In case of a tie between two or more of the players in any round, the highest Tricon wins, coming Aces first, then Kings, Queens, down to Twos. If the tie happens to be in a sequence, the highest wins, reckoning the A K Q sequence as the best and the 3 2 A sequence as the lowest. If with Flushes, the one making the best "point" wins. If Pairs, the highest wins and if two hands are alike, then the holder of the highest third card has the preference. With Point a tie is very rare, but if that does happen, the holder of the first highest card different from the opponent's wins.
There are several variations of the game and Pounce, or Pounce Coommerce, seems to be the most popular variation of Commerce. In this, if a player has already three similar cards, e.g. three Nines, and the fourth Nine comes into the pool, he says "Pounce" and takes it, thus obtaining a hand of four, which is higher than any hand of three: whenever a pounce occurs, a new card is turned up from the pack.
Trade and Barter
The game is played the same way as in the original Commerce, only that there is no "widow". The aim is to have the best Commerce hand, that is, a tricon, sequence or point. Starting with the eldest, each in turn must exchange one card by announcing "trade" or "barter". If the player says "trade", he passes a card face down to the dealer and receives another from the stock, paying the dealer one chip for this privilege. If he says "barter", he exchanges one card sight unseen with his right-hand neighbour, but without payment. The play continues until one of the players knocks.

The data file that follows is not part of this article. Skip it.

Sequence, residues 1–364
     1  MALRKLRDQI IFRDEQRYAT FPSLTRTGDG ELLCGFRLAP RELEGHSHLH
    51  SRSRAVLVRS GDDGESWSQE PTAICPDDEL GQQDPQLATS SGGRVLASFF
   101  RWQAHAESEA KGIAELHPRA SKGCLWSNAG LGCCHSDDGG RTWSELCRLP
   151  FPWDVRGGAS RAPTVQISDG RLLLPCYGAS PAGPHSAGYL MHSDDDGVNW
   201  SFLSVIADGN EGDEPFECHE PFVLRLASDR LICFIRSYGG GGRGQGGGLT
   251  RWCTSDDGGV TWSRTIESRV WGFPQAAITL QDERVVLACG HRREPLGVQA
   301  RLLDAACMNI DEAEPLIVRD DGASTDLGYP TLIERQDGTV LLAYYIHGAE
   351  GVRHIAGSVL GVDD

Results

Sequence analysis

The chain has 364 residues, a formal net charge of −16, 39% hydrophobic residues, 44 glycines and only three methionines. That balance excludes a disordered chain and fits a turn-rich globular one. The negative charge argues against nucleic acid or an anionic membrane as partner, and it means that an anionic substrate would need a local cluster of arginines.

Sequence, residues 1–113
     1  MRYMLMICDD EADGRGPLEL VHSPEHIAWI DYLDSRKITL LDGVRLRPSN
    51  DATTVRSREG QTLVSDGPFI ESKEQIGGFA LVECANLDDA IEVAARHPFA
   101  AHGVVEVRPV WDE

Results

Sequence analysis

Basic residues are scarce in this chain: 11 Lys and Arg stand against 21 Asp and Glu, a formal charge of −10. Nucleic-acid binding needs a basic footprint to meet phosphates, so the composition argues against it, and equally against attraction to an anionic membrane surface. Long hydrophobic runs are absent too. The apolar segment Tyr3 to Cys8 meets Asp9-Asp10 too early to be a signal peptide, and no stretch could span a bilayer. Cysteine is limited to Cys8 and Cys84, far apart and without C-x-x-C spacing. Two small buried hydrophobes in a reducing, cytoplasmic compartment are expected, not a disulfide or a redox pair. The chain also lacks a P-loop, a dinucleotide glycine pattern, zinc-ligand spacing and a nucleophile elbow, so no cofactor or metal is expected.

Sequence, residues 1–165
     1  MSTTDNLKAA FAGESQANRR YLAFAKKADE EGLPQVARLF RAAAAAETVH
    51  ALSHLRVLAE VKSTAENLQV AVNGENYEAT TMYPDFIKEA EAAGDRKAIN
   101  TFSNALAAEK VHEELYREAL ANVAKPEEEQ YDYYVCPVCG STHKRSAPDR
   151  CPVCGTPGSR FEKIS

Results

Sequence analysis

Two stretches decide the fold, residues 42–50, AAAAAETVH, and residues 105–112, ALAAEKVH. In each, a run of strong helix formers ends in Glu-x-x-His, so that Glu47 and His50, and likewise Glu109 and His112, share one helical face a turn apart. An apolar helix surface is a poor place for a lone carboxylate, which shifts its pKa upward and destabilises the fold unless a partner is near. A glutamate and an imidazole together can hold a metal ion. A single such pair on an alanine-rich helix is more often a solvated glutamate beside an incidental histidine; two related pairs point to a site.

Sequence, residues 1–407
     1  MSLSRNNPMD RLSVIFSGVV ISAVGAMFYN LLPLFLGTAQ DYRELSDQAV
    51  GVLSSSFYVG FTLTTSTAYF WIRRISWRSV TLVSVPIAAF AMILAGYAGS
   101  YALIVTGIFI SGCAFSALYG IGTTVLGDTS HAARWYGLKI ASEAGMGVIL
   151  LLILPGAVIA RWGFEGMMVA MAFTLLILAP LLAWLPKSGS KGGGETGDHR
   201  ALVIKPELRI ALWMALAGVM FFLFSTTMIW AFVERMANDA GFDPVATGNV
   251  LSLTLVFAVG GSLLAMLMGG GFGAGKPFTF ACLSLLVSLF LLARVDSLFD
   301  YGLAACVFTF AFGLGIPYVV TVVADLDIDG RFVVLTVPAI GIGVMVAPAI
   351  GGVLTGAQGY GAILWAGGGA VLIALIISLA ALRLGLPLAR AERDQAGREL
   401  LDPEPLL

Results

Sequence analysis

If two players show a hand with the same point value, a three-card beats a two-card flush and if still equal, the winning hand is that of the dealer if he is still involved in the play, otherwise that of the first in order of play after the dealer.
In this variation a 40-card deck is used. The best hand when someone knocks is that of the player containing cards of the same suit totaling 31 points or the nearest below it. Three of a kind is a special hand ranking between 30 ad 31 points.
This is only applicable to the modern mode of playing the game, which is extended until all the players are satisfied with their hands. They may keep on trading until they all receive cards good enough to stand upon. The great objection to this variation of the game is that it is wearisome because the players have to wait until all the others are satisfied with their cards.
The combinations "pair" and "point" are not recognized.
- Oxford Dictionary of Card Games, David Parlett, p. 70 - Oxford University Press ISBN 0-19-869173-4
- Hoyle's Card Games, Lawrence H. Dawson, p. 231 - Routledge ISBN 978-0-415-00880-8
- Hoyle's improved edition for playing fashionable games, Edmond Hoyle, p. 137 - Thomas, Cowperthwait & Co. Philadelphia 1838
- This article incorporates text from a publication now in the public domain: Chisholm, Hugh, ed. (1911). "Commerce (card-game)". Encyclopædia Britannica. 6 (11th ed.). Cambridge University Press. pp. 770–771.